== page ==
For patients living with permanent, persistent Atrial Fibrillation (AF) with structural heart disease, Dignity Health Heart & Vascular Institute is among a few providers to offer Epicardial/Endocardial Ablation.
This combination therapy is a planned, staged approach using the best of the surgical- and catheter-based approach. This procedure involves both Epicardial (surgical) and Endocardial (catheter) ablation. (Ablation treats irregular heartbeat by creating scar tissue in the area of the heart that is causing the problem.)
Candidates for the Epicardial/Endocardial ablation procedures include patients who have lived with AF for many years; have structural heart disease; have failed other AF treatments and have been diagnosed with persistent, permanent AF.
What is Epicardial/Endocardial Ablation?
Epicardial/Endocardial Ablation begins with the surgeon using a minimally invasive approach to perform an epicardial ablation. If that does not resolve the AF, the electrophysiologist will perform an endocardial ablation via catheter to fill in any remaining gaps and confirm that all of the abnormal electrical impulses are eliminated.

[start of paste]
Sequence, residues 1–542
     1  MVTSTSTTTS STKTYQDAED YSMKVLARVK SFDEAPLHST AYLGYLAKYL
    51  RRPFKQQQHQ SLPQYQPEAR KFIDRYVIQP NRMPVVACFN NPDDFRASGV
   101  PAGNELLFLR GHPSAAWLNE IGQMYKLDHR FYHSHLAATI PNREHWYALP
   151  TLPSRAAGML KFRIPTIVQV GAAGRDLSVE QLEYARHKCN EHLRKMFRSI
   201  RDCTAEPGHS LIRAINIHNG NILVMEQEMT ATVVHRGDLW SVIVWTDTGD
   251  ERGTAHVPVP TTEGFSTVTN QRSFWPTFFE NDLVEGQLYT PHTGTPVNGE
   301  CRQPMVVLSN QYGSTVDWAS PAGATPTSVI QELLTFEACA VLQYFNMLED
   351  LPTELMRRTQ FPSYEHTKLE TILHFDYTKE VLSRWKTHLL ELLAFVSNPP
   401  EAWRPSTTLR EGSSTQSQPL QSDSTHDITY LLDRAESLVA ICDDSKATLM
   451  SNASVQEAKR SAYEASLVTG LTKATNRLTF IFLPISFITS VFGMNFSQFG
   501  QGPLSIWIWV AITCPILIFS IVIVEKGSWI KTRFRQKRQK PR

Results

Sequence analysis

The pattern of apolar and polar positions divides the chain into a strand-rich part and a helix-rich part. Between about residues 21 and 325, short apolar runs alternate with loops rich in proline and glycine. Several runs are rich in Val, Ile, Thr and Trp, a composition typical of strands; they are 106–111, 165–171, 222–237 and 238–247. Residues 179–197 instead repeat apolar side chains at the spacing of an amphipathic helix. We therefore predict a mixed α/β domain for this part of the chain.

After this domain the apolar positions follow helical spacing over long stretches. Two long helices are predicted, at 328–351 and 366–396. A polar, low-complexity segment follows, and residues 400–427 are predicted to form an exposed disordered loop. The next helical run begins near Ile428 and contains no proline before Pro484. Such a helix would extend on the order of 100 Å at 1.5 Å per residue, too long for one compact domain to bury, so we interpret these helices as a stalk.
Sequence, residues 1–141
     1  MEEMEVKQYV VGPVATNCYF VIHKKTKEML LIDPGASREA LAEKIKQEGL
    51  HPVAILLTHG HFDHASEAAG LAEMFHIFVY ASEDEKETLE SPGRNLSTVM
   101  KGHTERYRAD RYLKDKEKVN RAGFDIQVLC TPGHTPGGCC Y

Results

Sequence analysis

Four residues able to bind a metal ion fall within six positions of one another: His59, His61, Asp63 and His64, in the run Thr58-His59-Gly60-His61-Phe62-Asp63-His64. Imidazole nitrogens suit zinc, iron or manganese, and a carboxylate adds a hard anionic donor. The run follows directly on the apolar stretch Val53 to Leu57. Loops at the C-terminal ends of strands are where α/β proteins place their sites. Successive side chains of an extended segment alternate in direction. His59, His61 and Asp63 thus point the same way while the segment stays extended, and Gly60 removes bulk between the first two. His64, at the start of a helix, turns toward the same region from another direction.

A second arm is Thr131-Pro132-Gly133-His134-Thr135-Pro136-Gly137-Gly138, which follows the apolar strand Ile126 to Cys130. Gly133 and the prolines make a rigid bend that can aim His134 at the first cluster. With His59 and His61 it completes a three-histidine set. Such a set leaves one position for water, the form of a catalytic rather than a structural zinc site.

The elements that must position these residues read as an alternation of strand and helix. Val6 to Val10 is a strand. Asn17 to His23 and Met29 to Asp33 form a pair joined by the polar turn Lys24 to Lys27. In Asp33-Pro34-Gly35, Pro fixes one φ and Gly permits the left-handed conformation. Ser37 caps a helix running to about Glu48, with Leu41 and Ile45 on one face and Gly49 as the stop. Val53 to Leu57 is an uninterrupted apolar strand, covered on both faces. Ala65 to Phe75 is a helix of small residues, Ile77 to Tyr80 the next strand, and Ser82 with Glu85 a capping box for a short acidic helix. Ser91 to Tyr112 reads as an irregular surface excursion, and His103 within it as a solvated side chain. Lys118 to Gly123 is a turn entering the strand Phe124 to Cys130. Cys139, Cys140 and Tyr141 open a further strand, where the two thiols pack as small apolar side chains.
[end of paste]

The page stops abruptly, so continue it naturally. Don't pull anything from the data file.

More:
The patient will continue to be monitored by a cardiologist, who will determine if he or she still needs anticoagulant therapy. Most patients experience normal heart rhythm following this planned, staged approach and are able to stop taking some daily medications.
Benefits of Epicardial/Endocardial Ablation
Benefits to the Epicardial/Endocardial Ablation therapy include:
- Combines best techniques of both cardiac surgeon and electrophysiologist
- Minimally invasive surgical approach with small chest incisions
- Minimal pain, shorter hospital stay, quicker recovery time
- Success of procedure can be determined using intra-operative diagnostics and close follow up
Atrial Fibrillation Clinic
Epicardial/Endocardial Ablation therapy is one of several treatments available through the Atrial Fibrillation Clinic at St. Joseph's Heart & Vascular Institute. The clinic treats patients with persistent or permanent AF who are difficult to treat or continue to experience symptoms.
A multidisciplinary team of electrophysiologists, cardiologists and surgeons, and nurse coordinators work together with the patient to determine the best therapy to enhance their quality of life.
An RN Program Coordinator assists patients with assessments, procedure planning, monitoring, and long-term follow up.